Mulherin B, Loconte NK and Holen KD: Guillain-Barre syndrome after treatment with sunitinib malate? Oncology (Williston Park). 22:66–67. 2008.PubMed/NCBI


Kanaan Z, Kulairi Z, Titianu M, Saha S and Kumar S: Guillain-barre syndrome following treatment with sunitinib malate. Case Rep Oncol Med. 2014(712040)2014.PubMed/NCBI View Article : Google Scholar


Aparicio-Gallego G, Blanco M, Figueroa A, Garcia-Campelo R, Valladares-Ayerbes M, Grande-Pulido E and Anton-Aparicio L: New insights into molecular mechanisms of sunitinib-associated side effects. Mol Cancer Ther. 10:2215–2223. 2011.PubMed/NCBI View Article : Google Scholar


Fukumoto Y, Kuwahara M, Kawai S, Nakahama K and Kusunoki S: Acute demyelinating polyneuropathy induced by nivolumab. J Neurol Neurosurg Psychiatry. 89:435–437. 2018.PubMed/NCBI View Article : Google Scholar


Gu Y, Menzies AM, Long GV, Fernando SL and Herkes G: Immune mediated neuropathy following checkpoint immunotherapy. J Clin Neurosci. 45:14–17. 2017.PubMed/NCBI View Article : Google Scholar


Jacob A, Unnikrishnan DC, Mathew A, Thyagarajan B and Patel S: A case of fatal Guillain-Barre syndrome from anti-PD1 monoclonal antibody use. J Cancer Res Clin. 142:1869–1870. 2016.PubMed/NCBI View Article : Google Scholar


Kyriazoglou A, Liontos M, Papadopoulos C, Bilali A, Kostouros E, Pagoni S, Doumas K, Dimopoulos MA and Bamias A: Guillain-barre syndrome related to nivolumab: Case report of a patient with urothelial cancer and review of the literature. Clin Genitourin Cancer. 17:e360–e364. 2019.PubMed/NCBI View Article : Google Scholar


Nukui T, Nakayama Y, Yamamoto M, Taguchi Y, Dougu N, Konishi H, Hayashi T and Nakatsuji Y: Nivolumab-induced acute demyelinating polyradiculoneuropathy mimicking Guillain-Barre syndrome. J Neurol Sci. 390:115–116. 2018.PubMed/NCBI View Article : Google Scholar


Schneiderbauer R, Schneiderbauer M, Wick W, Enk AH, Haenssle HA and Hassel JC: PD-1 antibody-induced guillain-barre syndrome in a patient with metastatic melanoma. Acta Derm Venereol. 97:395–396. 2017.PubMed/NCBI View Article : Google Scholar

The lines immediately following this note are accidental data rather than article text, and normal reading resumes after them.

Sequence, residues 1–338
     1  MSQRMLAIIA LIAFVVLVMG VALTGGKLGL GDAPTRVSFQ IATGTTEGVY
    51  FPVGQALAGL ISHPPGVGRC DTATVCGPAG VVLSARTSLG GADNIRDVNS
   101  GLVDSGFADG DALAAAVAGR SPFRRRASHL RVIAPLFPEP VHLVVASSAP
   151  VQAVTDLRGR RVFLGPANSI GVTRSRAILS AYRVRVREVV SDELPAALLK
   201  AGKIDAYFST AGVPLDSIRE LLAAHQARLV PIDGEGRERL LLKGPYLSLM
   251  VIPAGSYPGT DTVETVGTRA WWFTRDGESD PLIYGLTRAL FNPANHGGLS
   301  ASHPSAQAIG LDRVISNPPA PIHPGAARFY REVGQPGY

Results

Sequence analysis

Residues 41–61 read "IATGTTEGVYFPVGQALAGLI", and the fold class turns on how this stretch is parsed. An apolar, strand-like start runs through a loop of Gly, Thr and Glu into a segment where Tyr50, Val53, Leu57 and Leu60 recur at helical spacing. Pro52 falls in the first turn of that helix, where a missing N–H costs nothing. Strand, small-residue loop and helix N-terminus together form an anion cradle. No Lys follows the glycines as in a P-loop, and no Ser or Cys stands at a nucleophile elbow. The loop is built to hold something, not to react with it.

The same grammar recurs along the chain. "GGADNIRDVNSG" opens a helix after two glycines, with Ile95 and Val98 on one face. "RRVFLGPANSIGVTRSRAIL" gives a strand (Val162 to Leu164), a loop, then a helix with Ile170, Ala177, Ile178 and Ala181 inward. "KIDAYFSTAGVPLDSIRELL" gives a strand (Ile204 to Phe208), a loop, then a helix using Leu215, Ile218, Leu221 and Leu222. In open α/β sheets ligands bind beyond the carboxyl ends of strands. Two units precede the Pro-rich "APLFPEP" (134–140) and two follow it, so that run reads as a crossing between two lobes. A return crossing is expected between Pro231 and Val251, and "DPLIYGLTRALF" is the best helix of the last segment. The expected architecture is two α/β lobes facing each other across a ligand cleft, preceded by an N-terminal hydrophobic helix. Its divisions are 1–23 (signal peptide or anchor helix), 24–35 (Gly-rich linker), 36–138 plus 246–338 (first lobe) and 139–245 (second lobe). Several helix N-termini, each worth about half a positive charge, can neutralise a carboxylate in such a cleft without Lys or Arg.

Supakornnumporn S and Katirji B: Guillain-barre syndrome triggered by immune checkpoint inhibitors: A case report and literature review. J Clin Neuromuscul. 19:80–83. 2017.PubMed/NCBI View Article : Google Scholar


Thapa B, Khalid S, Vakili R, Ui J and Misbah S: Nivolumab-associated Guillain-barre syndrome in a patient with non-small-cell lung cancer. Am J Ther. 25:e761–e763. 2018.PubMed/NCBI View Article : Google Scholar


de Maleissye MF, Nicolas G and Saiag P: Pembrolizumab-induced demyelinating polyradiculoneuropathy. N Engl J Med. 375:296–297. 2016.PubMed/NCBI View Article : Google Scholar


Manam R, Martin JL, Gross JA, Chaudhary D, Chowdhary S, Espinosa PS and Santos ES: Case reports of pembrolizumab-induced acute inflammatory demyelinating polyneuropathy. Cureus. 10(e3371)2018.PubMed/NCBI View Article : Google Scholar


Ong S, Chapman J, Young G and Mansy T: Guillain-Barre-like syndrome during pembrolizumab treatment. Muscle Nerve. 58:e8–e10. 2018.PubMed/NCBI View Article : Google Scholar

Related Articles

Journal Cover

Volume 13 Issue 1

Print ISSN: 2049-9450
Online ISSN:2049-9469

Sign up for eToc alerts

Recommend to Library

Copy and paste a formatted citation
Spandidos Publications style
Han C, Ma JA, Zhang Y, Jiang Y, Hu C and Wu Y: Guillain‑Barre syndrome induced by pembrolizumab and sunitinib: A case report. Mol Clin Oncol 13: 38-42, 2020
Han, C., Ma, J., Zhang, Y., Jiang, Y., Hu, C., & Wu, Y. (2020). Guillain‑Barre syndrome induced by pembrolizumab and sunitinib: A case report. Molecular and Clinical Oncology, 13, 38-42.
Han, C., Ma, J., Zhang, Y., Jiang, Y., Hu, C., Wu, Y."Guillain‑Barre syndrome induced by pembrolizumab and sunitinib: A case report". Molecular and Clinical Oncology 13.1 (2020): 38-42.
Han, C., Ma, J., Zhang, Y., Jiang, Y., Hu, C., Wu, Y."Guillain‑Barre syndrome induced by pembrolizumab and sunitinib: A case report". Molecular and Clinical Oncology 13, no. 1 (2020): 38-42.